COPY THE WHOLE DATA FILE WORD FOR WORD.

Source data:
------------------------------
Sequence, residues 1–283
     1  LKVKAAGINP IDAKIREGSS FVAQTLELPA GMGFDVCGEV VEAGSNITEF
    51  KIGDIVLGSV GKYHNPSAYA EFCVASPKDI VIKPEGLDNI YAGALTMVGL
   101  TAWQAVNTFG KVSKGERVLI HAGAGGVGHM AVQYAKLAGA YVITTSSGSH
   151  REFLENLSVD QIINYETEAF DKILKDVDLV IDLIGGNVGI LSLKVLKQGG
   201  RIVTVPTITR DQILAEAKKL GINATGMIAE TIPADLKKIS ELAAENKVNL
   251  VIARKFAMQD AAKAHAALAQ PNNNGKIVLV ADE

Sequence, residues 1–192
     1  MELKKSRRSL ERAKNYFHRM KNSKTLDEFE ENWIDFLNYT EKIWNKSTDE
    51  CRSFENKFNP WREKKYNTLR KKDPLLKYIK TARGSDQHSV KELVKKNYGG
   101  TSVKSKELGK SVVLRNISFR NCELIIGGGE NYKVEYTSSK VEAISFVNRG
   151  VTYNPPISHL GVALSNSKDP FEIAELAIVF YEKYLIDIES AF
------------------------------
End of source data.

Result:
Sequence, residues 1–283
     1  LKVKAAGINP IDAKIREGSS FVAQTLELPA GMGFDVCGEV VEAGSNITEF
    51  KIGDIVLGSV GKYHNPSAYA EFCVASPKDI VIKPEGLDNI YAGALTMVGL
   101  TAWQAVNTFG KVSKGERVLI HAGAGGVGHM AVQYAKLAGA YVITTSSGSH
   151  REFLENLSVD QIINYETEAF DKILKDVDLV IDLIGGNVGI LSLKVLKQGG
   201  RIVTVPTITR DQILAEAKKL GINATGMIAE TIPADLKKIS ELAAENKVNL
   251  VIARKFAMQD AAKAHAALAQ PNNNGKIVLV ADE

Sequence, residues 1–192
     1  MELKKSRRSL ERAKNYFHRM KNSKTLDEFE ENWIDFLNYT EKIWNKSTDE
    51  CRSFENKFNP WREKKYNTLR KKDPLLKYIK TARGSDQHSV KELVKKNYGG
   101  TSVKSKELGK SVVLRNISFR NCELIIGGGE NYKVEYTSSK VEAISFVNRG
   151  VTYNPPISHL GVALSNSKDP FEIAELAIVF YEKYLIDIES AF